Making up for the blunder on the Hamilton steal in the fifth, the Cubs took the lead in the seventh because of a defensive goof by the Reds. As part of a two-out rally by Chicago, Almora, Jr., and Heyward hit back-to-back singles to put runners on the corners. Baez then came through with a single up the middle that scored both runners. Heyward took advantage of a lackadaisical relay throw from Hamilton and motored home to give the Cubs the lead, and an errant attempt at throwing him out by Scooter Gennett enabled Baez to reach third base.

The good fortune experienced by the Cubs led to them taking a 5-4 lead. The Reds had an opportunity to tie the game in the eighth, as Peraza drew a leadoff walk and proceeded to steal second base. But a heads-up play by Cubs relief pitcher Carl Edwards, Jr., on an ensuing bunt attempt led to Peraza being thrown out at third base.

Cincinnati did not go down without a fight, though, as left fielder Adam Duvall went yard off Cubs closer Brandon Morrow to lead off the ninth. The solo shot marked just the second homer allowed by Morrow in the past two seasons. It also paved the way for a wacky conclusion to a hard-fought game. After advancing runners onto first and third with one out in the bottom of the ninth, the Cubs were unable to score following a series of close calls.

With one out, Heyward hit a chopper to Reds first baseman Joey Votto. Votto wisely chased David Bote, who was on third base at the time, back to the bag by feigning a throw over to third, which enabled Heyward to reach first safely. In the next at-bat, Baez smacked a similar hit in the direction of Votto, who made a shaky throw home to out Bote. Reds catcher Curt Casali was able to scoop the ball up after a short hop out in front of him for the force out. Cubs manager Joe Maddon challenged the play, as it appeared that Casali's cleat might not have been touching the plate when he corralled the baseball, but the play stood as called after a replay review.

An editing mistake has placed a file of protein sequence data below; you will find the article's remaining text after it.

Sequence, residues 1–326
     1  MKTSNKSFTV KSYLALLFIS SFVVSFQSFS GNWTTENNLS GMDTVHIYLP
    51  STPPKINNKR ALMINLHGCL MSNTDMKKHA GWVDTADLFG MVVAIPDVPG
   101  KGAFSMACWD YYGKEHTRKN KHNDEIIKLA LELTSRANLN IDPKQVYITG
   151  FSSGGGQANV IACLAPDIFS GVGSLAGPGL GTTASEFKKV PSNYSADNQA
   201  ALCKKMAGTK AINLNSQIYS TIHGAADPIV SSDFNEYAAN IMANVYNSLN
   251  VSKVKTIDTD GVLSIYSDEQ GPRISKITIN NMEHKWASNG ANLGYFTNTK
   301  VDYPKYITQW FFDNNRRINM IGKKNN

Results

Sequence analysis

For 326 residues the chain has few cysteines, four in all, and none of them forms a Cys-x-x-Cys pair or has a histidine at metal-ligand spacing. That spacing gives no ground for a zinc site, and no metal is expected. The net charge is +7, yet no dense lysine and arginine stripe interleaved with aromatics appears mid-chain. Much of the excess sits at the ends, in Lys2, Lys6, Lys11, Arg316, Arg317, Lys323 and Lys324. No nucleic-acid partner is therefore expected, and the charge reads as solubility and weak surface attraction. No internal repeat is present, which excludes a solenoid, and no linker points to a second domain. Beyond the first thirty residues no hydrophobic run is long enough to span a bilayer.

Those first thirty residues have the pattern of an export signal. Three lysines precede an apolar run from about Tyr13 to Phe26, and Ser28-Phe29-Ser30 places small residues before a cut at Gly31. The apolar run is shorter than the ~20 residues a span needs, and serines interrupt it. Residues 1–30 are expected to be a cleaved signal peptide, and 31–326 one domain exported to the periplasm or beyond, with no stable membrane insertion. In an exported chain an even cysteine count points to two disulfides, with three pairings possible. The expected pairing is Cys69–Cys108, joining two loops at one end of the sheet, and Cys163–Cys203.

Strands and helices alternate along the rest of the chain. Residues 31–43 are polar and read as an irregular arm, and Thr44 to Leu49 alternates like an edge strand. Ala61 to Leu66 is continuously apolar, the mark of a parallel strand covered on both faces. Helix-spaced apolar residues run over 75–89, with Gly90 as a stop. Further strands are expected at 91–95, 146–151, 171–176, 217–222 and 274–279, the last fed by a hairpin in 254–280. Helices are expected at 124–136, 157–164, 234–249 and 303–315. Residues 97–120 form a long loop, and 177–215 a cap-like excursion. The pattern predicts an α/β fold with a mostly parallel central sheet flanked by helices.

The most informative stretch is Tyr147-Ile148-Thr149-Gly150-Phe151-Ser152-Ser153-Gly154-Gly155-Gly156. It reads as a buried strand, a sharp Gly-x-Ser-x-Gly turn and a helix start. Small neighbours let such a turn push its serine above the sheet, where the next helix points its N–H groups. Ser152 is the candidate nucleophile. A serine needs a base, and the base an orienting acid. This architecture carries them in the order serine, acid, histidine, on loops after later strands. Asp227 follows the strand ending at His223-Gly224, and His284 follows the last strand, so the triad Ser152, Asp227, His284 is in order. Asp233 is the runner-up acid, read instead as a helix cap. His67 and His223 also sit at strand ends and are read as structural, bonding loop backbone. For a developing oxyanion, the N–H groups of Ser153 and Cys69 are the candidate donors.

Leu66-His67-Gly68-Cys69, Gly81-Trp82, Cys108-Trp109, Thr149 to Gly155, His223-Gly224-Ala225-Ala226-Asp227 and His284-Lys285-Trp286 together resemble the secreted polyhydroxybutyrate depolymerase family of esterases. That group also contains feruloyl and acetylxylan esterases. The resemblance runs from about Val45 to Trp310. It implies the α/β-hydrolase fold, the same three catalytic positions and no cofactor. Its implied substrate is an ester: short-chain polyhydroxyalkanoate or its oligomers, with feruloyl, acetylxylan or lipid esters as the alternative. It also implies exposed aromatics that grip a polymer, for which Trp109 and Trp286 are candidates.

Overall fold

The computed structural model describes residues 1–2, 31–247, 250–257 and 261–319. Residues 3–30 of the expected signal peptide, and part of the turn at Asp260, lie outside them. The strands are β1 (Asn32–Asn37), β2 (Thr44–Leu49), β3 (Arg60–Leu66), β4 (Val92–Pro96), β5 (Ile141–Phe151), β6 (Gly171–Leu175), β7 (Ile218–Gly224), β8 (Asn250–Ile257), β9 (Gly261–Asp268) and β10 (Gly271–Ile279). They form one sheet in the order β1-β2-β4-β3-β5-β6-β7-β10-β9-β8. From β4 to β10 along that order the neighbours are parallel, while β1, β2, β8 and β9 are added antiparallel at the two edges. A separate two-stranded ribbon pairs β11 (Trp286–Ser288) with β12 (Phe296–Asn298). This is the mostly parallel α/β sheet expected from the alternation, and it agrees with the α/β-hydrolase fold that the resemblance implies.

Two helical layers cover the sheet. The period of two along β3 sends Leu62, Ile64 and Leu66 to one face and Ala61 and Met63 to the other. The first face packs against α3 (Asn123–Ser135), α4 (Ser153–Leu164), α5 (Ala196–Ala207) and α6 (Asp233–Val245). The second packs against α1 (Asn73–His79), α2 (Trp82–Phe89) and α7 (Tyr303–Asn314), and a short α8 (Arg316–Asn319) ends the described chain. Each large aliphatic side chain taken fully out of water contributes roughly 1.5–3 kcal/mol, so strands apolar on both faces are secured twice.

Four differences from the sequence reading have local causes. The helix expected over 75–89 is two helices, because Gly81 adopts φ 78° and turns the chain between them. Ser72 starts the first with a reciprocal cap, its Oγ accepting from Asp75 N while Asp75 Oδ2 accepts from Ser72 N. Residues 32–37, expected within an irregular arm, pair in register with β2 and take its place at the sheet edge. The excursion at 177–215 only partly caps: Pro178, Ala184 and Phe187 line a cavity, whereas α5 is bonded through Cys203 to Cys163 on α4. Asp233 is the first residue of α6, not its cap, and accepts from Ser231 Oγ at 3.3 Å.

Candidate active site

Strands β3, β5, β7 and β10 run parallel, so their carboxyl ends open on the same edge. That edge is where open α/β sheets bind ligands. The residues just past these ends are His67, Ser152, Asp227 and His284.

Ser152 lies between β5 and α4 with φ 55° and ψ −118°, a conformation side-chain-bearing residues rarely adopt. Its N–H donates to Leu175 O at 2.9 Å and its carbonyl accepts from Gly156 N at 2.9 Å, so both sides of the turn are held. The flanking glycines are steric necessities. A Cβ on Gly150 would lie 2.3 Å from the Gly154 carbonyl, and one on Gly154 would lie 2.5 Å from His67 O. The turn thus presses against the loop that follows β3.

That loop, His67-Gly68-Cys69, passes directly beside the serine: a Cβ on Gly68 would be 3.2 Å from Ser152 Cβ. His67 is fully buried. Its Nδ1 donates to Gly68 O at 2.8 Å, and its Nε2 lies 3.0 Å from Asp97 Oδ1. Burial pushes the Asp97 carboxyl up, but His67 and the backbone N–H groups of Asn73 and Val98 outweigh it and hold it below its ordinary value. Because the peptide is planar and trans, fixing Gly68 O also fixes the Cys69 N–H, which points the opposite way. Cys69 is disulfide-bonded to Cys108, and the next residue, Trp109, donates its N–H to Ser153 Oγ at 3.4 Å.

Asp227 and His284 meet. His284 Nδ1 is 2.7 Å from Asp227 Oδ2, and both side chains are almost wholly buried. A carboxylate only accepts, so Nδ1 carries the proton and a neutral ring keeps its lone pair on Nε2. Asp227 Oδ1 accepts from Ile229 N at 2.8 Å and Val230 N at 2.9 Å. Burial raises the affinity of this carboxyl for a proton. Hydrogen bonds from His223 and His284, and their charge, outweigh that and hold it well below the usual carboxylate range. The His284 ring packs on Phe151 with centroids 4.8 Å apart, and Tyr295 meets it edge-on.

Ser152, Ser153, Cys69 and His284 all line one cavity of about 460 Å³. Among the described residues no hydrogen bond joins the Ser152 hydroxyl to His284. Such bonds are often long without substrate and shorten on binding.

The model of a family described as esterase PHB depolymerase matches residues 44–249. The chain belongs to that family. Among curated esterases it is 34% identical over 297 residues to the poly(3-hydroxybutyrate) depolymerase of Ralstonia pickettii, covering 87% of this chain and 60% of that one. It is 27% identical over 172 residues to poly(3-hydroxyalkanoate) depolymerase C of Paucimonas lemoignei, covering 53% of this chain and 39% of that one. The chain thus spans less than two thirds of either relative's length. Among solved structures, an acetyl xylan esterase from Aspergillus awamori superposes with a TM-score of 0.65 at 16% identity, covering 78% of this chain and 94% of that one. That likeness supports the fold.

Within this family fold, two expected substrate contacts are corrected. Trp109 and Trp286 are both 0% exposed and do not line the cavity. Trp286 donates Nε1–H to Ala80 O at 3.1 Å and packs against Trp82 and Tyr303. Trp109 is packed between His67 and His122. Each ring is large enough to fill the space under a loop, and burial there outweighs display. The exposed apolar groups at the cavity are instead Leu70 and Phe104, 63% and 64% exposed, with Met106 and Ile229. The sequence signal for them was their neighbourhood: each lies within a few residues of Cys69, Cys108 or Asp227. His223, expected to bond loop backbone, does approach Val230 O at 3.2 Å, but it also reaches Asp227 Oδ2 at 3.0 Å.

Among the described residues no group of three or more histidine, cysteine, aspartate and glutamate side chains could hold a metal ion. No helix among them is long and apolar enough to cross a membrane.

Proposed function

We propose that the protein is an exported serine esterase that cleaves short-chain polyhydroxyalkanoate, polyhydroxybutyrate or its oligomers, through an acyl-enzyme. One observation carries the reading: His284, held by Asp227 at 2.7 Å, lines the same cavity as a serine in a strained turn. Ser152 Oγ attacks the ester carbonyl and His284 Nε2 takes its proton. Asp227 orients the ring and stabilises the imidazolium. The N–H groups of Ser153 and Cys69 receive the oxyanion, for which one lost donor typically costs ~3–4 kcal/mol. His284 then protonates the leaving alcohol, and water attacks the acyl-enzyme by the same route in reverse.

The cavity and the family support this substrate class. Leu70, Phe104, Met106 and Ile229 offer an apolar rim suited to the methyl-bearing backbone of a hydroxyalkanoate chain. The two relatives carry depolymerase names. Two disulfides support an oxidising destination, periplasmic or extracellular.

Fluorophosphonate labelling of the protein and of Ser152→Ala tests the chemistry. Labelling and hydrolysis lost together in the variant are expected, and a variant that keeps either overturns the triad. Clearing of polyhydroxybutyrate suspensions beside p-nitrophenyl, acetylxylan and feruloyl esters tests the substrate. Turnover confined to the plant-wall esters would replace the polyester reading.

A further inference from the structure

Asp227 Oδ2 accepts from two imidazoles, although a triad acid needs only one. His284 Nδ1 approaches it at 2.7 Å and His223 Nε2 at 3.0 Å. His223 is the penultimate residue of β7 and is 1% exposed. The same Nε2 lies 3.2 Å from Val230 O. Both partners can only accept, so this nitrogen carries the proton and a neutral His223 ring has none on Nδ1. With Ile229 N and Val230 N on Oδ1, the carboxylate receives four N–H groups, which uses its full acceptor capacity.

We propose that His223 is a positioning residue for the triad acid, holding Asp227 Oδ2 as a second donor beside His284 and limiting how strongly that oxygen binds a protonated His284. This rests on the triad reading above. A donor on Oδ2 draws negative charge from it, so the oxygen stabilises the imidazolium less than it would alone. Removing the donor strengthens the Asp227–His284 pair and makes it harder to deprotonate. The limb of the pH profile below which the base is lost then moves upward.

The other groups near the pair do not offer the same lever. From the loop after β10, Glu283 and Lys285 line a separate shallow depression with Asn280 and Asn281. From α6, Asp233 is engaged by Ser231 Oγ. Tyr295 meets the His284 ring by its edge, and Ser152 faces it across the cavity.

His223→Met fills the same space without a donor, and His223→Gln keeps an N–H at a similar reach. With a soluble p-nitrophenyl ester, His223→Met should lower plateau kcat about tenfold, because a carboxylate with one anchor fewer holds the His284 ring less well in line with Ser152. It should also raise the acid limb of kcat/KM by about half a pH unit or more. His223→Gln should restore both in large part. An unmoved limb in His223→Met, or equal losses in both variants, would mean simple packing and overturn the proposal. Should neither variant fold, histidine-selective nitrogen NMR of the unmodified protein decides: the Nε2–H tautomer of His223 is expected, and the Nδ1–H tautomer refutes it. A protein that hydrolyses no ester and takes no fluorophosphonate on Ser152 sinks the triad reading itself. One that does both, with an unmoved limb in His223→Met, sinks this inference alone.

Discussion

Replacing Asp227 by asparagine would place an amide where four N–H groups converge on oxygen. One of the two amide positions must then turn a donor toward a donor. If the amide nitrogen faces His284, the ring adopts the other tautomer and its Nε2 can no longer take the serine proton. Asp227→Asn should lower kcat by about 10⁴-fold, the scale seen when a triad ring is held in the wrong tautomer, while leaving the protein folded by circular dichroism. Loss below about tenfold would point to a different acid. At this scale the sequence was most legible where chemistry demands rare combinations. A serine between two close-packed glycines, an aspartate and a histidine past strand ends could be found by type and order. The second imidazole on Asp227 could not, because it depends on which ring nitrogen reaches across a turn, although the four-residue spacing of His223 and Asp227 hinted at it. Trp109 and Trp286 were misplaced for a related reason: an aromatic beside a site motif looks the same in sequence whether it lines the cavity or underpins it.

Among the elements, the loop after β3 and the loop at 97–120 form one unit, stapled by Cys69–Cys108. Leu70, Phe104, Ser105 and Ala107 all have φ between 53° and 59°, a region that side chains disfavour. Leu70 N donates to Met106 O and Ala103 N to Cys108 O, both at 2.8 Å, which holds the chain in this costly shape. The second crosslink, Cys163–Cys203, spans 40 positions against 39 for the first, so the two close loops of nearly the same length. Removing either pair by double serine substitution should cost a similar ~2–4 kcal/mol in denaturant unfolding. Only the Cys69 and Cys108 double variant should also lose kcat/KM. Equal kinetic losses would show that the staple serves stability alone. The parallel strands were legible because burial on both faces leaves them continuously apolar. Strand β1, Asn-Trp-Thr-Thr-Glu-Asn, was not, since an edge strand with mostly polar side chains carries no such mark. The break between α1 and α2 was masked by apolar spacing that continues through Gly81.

Following an inning-ending lineout to center by Anthony Rizzo, extra innings were ushered in. Cubs reliever Luke Farrell held his own in the top of the 10th by going three up, three down, but Reds reliever Jackson Stephens was not so fortunate in the bottom half of the inning. A leadoff walk of Contreras and a wild pitch thereafter led to Stephens being caught in an early jam. He struck out the second batter of the inning, and the third batter was intentionally walked.

Unfortunately for Cincinnati, Votto then committed another gaffe on defense but was not bailed out this time around. After fielding a grounder hit right to him by Russell, Votto trotted toward first base while eyeballing the advancing runners. Evidently considering a throw across the diamond, Votto pulled the ball out of his glove just before touching first base and temporarily lost control of it. As a result, he did not have possession of the baseball when touching first base, and, as a result, Russell should have been ruled safe. While the original call was an out, Maddon, who was out of challenges, implored the crew chief to review the play, and, once he did, the call was overturned.

The bases were juiced with one out at that point, and Stephens remained in the game. Bote came up to bat and displayed patience by working a full count and drawing ball four to force in a run and end the game. Bote, who went 1-1 and tallied the winning RBI, was mobbed by his teammates following the game-ending walk and was doused with Gatorade during the course of the celebration. Farrell was handed the win to improve to 3-3 overall, and Stephens dropped to 2-2 with the loss.

Winning 6-5 on the walk-off walk, in which Contreras scored the winning run, the Cubs (51-36) defeated the Reds (39-51) for the second time in the three-game set, thus providing them with their third consecutive series victory. The Cubs have now won eight of their last nine games, and all eight victories have been of the come-from-behind variety.